I go to events fairly regularly—not necessarily networking events, but receptions and other events where there are opportunities for mingling. And small talk is so not my thing.
Moreover, I’m not the kind of person who can just walk up to someone and say, “hi, my name is ___ and I do XYZ.” That’s not my style, and it doesn’t feel authentic to me—just like how, 9 times out of 10, it doesn’t feel authentic for me to give someone my business card, unless they ask for it or they’ve basically said that they need something I do or that they’d be interested in reading my blog, etc.
With this in mind, I decided to arm myself with a series of conversation starters to take to any event. If you suffer from the same feelings about meeting people at events as I do, then hopefully this two-step process to starting a conversation (basically, how to be better at small talk!) will help you, too!
1) Comment on something in the vicinity with a leading question or statement.
The key is leading question or statement.
The idea here is that you walk up to someone, and you make a comment about something that is nearby. Perhaps you’re at the buffet table and each trying a piece of food, or perhaps you’re looking at artwork on the wall, or perhaps you’re both consulting the program for an event.
If you just say, “the shrimp dumpling is delicious!” or “it’s a lovely work of art, isn’t it?” or “I’m looking forward to seeing XYZ speak tonight,” the other person will probably just smile, nod, and walk away.
On the other hand! If you say something that invites the other person to respond or bring their own idea to the table, you’ll be able to get the conversation going a little bit.
Examples for how you could provide leading questions or statements include:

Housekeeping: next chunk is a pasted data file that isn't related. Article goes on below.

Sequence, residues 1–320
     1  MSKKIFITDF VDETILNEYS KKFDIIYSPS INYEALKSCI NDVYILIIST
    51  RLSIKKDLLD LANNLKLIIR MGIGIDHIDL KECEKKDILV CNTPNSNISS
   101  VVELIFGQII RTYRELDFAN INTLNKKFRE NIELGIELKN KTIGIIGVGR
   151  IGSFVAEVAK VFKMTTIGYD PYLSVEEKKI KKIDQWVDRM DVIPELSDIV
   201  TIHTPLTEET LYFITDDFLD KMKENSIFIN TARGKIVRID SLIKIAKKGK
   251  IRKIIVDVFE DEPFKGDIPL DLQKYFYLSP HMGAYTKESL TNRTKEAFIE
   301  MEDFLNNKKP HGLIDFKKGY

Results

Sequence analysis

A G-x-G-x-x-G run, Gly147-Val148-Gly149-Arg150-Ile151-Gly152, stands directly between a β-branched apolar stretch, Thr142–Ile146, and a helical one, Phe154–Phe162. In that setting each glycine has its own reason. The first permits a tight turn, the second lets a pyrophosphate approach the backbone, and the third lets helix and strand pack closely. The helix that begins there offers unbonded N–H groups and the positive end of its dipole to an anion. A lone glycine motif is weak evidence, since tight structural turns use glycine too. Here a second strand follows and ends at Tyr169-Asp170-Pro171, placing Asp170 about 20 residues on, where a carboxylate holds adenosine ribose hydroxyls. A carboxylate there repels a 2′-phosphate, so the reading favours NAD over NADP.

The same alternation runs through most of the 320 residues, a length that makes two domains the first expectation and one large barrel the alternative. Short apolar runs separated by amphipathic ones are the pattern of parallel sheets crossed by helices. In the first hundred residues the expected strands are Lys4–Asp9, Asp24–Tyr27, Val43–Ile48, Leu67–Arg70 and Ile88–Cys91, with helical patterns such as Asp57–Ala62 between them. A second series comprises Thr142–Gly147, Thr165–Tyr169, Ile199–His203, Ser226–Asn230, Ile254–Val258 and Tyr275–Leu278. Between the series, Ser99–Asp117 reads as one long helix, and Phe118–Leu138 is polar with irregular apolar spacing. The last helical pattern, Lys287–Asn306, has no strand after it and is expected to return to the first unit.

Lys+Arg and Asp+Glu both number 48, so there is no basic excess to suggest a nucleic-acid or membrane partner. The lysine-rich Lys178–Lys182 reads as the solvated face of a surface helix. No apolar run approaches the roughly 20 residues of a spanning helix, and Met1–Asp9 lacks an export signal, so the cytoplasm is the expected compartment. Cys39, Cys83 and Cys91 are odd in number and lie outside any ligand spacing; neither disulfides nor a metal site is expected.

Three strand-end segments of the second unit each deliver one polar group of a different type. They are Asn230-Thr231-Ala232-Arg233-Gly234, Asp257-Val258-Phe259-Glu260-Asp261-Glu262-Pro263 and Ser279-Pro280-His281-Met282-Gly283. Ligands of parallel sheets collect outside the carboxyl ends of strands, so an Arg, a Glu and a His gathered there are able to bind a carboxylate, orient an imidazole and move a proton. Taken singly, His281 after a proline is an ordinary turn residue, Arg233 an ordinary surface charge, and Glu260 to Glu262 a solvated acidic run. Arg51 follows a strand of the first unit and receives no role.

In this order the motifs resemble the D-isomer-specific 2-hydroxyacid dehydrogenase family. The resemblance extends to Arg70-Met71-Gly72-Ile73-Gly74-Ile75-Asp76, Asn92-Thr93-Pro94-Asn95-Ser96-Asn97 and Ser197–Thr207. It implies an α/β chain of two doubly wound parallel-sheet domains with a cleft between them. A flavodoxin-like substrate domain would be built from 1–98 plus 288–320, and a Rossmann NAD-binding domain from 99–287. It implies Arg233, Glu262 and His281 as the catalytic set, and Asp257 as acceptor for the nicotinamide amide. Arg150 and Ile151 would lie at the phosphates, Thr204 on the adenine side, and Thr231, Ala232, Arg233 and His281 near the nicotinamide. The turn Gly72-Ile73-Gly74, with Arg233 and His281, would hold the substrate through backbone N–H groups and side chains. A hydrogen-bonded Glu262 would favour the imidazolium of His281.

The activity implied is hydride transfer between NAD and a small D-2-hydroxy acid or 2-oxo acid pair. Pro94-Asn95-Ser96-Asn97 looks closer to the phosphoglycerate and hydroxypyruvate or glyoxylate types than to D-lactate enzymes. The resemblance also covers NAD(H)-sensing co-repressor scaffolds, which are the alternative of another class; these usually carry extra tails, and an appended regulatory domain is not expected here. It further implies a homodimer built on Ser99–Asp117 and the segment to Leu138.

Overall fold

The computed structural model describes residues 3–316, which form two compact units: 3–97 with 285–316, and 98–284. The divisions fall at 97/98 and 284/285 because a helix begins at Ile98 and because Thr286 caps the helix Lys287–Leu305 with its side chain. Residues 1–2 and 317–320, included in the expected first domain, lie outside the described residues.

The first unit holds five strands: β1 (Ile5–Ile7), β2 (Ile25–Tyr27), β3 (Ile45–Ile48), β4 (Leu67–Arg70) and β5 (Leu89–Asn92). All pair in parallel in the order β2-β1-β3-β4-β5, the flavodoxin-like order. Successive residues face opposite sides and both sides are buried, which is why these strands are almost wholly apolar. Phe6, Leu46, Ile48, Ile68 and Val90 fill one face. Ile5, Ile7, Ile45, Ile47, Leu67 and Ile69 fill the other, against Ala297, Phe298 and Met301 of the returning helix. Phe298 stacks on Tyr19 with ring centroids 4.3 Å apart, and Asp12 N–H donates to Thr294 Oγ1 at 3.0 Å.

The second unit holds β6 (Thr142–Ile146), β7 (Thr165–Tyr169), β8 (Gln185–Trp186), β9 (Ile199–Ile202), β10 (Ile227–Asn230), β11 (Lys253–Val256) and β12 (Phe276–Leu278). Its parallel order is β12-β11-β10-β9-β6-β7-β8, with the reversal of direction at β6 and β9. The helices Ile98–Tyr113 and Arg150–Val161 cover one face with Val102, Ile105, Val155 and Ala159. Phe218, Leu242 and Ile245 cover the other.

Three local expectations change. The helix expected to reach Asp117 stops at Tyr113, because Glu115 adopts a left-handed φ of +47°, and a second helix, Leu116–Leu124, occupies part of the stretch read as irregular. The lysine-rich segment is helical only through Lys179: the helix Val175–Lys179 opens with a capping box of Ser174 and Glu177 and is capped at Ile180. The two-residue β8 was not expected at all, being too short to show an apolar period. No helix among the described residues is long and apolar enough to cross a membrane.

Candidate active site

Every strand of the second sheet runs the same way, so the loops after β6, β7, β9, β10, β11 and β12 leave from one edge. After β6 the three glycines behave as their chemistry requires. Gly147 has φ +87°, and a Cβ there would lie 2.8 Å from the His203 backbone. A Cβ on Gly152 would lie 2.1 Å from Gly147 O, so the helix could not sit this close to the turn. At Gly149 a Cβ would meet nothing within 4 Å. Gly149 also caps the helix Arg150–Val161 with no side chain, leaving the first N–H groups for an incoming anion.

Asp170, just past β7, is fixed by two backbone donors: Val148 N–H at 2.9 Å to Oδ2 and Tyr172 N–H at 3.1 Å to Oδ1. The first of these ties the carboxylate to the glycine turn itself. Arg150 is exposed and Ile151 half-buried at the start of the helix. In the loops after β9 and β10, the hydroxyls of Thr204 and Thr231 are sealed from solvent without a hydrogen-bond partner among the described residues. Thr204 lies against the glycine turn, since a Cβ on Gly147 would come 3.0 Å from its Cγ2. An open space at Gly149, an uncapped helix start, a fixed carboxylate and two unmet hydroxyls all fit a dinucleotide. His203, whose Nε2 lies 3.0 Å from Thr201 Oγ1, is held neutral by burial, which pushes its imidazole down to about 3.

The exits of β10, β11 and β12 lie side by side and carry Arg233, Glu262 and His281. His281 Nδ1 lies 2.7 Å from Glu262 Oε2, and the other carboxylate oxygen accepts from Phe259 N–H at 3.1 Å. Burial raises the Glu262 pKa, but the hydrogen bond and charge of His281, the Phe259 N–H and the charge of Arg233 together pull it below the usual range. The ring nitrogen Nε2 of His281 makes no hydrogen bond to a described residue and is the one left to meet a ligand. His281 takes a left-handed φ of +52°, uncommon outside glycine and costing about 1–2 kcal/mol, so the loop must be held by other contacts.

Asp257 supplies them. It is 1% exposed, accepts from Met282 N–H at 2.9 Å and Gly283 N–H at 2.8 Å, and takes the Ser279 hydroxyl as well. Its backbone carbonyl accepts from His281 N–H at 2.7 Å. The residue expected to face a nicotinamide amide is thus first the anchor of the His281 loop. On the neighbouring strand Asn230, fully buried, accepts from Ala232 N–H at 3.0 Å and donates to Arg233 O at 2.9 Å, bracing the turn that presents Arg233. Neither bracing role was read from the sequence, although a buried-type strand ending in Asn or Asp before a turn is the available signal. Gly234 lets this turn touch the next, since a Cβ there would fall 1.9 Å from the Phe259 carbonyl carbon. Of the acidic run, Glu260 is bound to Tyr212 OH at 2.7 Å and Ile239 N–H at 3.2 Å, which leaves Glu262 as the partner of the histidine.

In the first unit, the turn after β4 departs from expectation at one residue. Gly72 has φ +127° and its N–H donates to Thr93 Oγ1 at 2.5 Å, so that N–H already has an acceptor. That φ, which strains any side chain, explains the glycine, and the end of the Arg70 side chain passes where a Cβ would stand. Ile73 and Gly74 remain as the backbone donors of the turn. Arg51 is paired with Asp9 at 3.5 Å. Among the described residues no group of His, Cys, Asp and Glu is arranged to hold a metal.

- “Have you tried the shrimp dumpling? It’s great! It reminds me of an appetizer I had at XYZ restaurant.”
- “The colors in this painting are gorgeous. Do you know much about the artist?”
- “There are so many great speakers lined up tonight! Is there anyone in particular that you came to see?”
2) Have a follow-up question or comment after your leading question / statement.
Hopefully, after using the above leading questions or statements, the other person will respond with something like, “OMG that’s a great restaurant!” and you’ll be able to discuss your shared love of food, or “I don’t know much about the artist, but it’s the lines that really stand out to me in this piece. Did you see the composition in the painting over there? It’s amazing,” and you’ll be able to discuss artwork and what you’re both doing at this event, or “I saw this person at XYZ event and they were fantastic—but I don’t know much about the others; do you?” and you’ll be able to discuss your interests and work.
That won’t always happen, however, which is why it’s a good idea to have another leading statement or question at the ready in case your first one doesn’t incite the response you were hoping for.
In this case, a few additional statements / questions (if the person you’re trying to speak with seems noncommittal) include things like “So what brings you to this event?” and “I haven’t been to one of these before. Have you?” and “Do you know about…”
You could also compliment the other person (sincerely) on anything from their shoes or the presentation they gave earlier at the event.
With the second stage of leading statement / question, you want to switch tactics from your initial statement / question. If they were noncommittal and didn’t bite, then it’s time to try a different topic!